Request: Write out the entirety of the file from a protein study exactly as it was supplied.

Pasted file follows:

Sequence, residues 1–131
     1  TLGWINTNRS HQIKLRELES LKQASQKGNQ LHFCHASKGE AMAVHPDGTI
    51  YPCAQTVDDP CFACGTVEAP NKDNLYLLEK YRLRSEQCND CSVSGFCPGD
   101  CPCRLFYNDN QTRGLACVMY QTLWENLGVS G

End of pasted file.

Sequence, residues 1–131
     1  TLGWINTNRS HQIKLRELES LKQASQKGNQ LHFCHASKGE AMAVHPDGTI
    51  YPCAQTVDDP CFACGTVEAP NKDNLYLLEK YRLRSEQCND CSVSGFCPGD
   101  CPCRLFYNDN QTRGLACVMY QTLWENLGVS G